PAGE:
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Blog 7: Expulsion from the Walker Art Gallery / 22 September 2012

victorian painting of a naked Adam and Eve being seen out of the garden of Eden by a group of angels with stern expressions

‘The Expulsion of Adam and Eve from Eden’ (1897) by Arthur Nowell

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“Which is the bust and which is the pedestal?” (Question posed by a tourist to his guide in Mark Twain’s ‘The Innocents Abroad’ [1869])

And so, off for a day’s training to be a gallery assistant and (possibly) a visitor’s guide at Liverpool’s Walker Art Gallery. Turquoise-shirted, I’m on patrol with Sheila Jones; there’s fire drill, assembly points, etiquette (let visitors through doors before you), and the welcome news that “you’re not expected to risk your life for others”. 

The main difficulty that Sheila sorts out, one I’m prone to myself, is that many visitors get lost since the ordering of the Gallery’s rooms does not ascend numerically so much as scatter-ways (Room 8 adjoins Room 12 [I think] and so on). Sheila’s good fun and a fount of knowledge about the WAG – she actually prefers contemporary art to the old stuff and can date the hanging of the gallery’s various wallpapers with as much accuracy as the paintings.

So then after a brisk working lunch at the Adelphi Hotel’s Sefton Suite, (an exact contemporaneous replica of the RMS Titanic’s first class smoking lounge), I head back to the WAG to ‘shadow’ a guided tour by Emma Furness. Unfortunately no-one has appeared for guidance (or shadowing) on this occasion and I’m just interviewing Emma about past lairiness that she’s witnessed when a hue and cry breaks out and she answers her flashing radio instructing us to head to Room 8.

There’s a painting in that room called ‘The Expulsion of Adam and Eve from Eden’ (1897) by Arthur Nowell whose obituary appeared in the ‘Methodist Recorder’ of 1940 (in the WAG archive); according to which this fellow expended much of his artistic energies painting ‘many well-known Methodist ministers’. One might deduce this from looking at the vast canvas (the Times: a fine example of the larger manner) since the 'Expulsion' is attended with the loftiest, frostiest, most disapproving, plum-snooty Angel-stares you'd ever want to duck under.'

As Eve’s long silky hair unmistakably (and conveniently for the composition), shivers across Adam’s other apple, the ground ahead is all thorns, Eden behind, a-flower; but I’d keep on trucking myself, I mean what had they actually done that was so awful? And what a lot to look forward to (the models for the painting are super-buff of course!) Irksomely, one of the Angels looks down her flared nose and over her tightly-fastened décolletage in a manner that puts me in mind of that great Daughter of Methodism ‘Mrs Thatcher’ who no doubt read of Nowell’s demise in the Recorder in 1940 when she was just 16 and – one can only hope on behalf of fallen humanity – likely grappling with her own ‘Expulsions’ at the time.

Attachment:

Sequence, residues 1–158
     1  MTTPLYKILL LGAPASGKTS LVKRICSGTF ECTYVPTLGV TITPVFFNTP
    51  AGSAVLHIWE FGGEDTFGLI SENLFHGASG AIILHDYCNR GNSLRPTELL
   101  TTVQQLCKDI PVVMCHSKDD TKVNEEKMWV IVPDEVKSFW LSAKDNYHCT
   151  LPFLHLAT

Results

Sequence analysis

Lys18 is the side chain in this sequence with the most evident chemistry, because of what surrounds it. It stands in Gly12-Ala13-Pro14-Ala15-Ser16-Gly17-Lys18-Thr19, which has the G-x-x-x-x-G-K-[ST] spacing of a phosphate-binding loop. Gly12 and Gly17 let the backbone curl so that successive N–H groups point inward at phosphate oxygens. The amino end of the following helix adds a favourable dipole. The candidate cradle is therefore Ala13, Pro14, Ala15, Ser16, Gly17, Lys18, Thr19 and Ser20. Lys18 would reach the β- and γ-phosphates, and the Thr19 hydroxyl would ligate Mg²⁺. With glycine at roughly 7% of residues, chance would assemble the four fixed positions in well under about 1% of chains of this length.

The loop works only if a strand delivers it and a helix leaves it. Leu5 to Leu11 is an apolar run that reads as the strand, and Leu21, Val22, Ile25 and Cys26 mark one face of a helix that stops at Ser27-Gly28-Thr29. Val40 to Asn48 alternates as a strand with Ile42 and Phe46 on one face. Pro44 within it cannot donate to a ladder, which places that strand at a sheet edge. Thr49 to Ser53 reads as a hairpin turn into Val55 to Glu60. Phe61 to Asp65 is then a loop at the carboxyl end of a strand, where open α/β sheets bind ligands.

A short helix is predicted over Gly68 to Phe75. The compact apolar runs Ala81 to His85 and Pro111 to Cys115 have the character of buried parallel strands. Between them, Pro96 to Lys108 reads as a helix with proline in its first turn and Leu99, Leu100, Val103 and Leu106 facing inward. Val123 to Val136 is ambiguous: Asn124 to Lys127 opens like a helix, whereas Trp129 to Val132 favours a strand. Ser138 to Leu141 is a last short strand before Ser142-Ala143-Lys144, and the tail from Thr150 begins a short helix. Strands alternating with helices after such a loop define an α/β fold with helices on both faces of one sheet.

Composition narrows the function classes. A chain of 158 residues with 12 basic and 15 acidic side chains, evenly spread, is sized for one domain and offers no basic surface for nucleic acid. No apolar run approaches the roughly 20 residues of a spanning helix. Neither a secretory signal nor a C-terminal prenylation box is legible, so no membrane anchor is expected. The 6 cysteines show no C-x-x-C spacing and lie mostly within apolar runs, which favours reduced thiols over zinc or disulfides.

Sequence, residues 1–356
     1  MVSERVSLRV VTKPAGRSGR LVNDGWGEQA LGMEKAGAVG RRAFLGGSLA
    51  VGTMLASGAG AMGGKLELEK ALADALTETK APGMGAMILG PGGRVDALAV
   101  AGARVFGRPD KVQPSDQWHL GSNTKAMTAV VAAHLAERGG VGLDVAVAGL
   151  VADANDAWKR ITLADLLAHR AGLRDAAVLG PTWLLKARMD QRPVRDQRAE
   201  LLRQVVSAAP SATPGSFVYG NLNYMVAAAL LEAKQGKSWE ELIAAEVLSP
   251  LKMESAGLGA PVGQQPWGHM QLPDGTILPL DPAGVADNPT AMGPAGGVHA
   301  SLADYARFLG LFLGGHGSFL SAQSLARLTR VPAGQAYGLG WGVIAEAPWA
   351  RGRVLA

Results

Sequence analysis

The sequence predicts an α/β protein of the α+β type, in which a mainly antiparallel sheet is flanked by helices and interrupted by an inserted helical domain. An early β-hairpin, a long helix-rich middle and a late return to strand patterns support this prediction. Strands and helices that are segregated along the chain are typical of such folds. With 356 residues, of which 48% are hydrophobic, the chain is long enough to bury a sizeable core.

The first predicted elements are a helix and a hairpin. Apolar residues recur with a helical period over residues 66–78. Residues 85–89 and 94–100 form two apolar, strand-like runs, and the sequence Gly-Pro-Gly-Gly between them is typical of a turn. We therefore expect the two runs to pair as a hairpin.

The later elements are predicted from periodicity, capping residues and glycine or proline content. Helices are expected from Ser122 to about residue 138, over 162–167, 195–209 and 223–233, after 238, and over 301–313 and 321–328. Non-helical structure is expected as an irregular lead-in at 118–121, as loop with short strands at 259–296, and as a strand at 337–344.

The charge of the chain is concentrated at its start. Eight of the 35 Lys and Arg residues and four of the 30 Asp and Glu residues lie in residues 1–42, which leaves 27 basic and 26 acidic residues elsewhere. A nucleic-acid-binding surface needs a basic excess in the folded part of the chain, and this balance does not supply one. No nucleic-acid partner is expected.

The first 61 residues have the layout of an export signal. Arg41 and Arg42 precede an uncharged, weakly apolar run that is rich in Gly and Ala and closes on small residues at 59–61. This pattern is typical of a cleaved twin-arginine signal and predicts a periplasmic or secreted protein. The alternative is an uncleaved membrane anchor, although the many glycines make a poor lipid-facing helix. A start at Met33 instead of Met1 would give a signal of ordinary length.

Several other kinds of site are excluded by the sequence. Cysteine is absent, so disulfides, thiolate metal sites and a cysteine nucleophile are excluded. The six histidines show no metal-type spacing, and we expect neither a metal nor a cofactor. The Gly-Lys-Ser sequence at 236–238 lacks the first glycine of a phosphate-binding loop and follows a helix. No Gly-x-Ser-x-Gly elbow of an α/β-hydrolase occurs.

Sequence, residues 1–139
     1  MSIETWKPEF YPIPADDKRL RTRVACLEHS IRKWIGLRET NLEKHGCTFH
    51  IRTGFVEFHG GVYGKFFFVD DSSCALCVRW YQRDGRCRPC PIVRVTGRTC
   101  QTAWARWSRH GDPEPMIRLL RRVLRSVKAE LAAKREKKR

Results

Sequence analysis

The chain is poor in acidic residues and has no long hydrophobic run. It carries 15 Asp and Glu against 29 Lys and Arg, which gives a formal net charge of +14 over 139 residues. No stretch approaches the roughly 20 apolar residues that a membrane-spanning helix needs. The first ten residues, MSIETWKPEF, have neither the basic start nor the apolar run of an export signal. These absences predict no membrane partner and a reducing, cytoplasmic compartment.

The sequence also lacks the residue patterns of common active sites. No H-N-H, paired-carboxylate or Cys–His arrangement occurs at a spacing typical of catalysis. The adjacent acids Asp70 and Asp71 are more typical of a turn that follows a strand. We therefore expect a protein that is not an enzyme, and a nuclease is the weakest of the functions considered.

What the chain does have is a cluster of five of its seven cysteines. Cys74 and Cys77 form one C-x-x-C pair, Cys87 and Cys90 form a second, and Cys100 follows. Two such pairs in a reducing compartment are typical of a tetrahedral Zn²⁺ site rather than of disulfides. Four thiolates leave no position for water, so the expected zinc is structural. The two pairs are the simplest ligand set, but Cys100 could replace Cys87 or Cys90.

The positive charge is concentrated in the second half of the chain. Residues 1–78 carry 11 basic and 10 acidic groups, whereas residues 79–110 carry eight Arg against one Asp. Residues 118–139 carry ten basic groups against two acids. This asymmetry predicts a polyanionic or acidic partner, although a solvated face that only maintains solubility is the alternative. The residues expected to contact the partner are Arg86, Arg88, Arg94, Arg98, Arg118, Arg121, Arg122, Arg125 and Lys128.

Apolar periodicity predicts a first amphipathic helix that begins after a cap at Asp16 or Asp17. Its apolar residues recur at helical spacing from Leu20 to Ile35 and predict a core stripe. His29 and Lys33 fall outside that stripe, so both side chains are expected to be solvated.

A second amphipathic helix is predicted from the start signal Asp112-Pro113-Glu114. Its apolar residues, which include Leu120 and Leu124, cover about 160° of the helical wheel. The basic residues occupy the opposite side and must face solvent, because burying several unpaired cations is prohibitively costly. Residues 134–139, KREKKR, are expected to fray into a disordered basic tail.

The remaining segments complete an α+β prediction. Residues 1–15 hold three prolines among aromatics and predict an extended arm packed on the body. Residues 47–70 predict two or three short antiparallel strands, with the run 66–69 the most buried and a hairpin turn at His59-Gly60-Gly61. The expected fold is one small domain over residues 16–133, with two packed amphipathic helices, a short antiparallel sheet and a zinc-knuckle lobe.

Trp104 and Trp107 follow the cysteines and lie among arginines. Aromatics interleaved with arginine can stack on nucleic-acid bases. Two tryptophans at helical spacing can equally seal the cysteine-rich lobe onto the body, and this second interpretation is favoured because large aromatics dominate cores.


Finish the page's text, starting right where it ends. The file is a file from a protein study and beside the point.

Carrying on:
So anyway, arriving at the scene with Emma, we find that a woman has removed her raincoat in front of the said painting. Her companion, a leather-trousered male with pirate curls and earrings is taking photographs of her. The problem that we have come to resolve is that the woman has no other items of clothing with her than the discarded coat, and so she is as naked as the Expulsed heroine of Nowell’s painting behind.

We have to be nice but also firm: Emma picks up the raincoat and explains that nudity is just as forbidden in the WAG as any other public domain and so can the garment please be worn again. She then asks the photographer to desist from his enthusiastic ‘documenting’ of the palaver we’re in. Meanwhile, feeling a bit ridiculous, I try to block the lewd view from the room’s other occupants: three rubbernecking schoolgirls who had been morosely sketching from Frederic Leighton’s rather hunky, foreshortened ‘Elijah in the Wilderness’.

More assistants arrive, the Eve-impersonator grins and covers up, we all shake hands and smile in the British manner and then the couple are escorted out. I follow them through the swing-doors and watch as they swagger over the road towards a parked motorbike. They don helmets and then Eve takes the gears as Adam climbs on the back. It was all really quite deliciously suggestive and I was left hoping that they were roaring off to celebrate, in a lusty, fallen way, their ‘Expulsion from the Walker Art Gallery’.
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Keywords: religious art,visual arts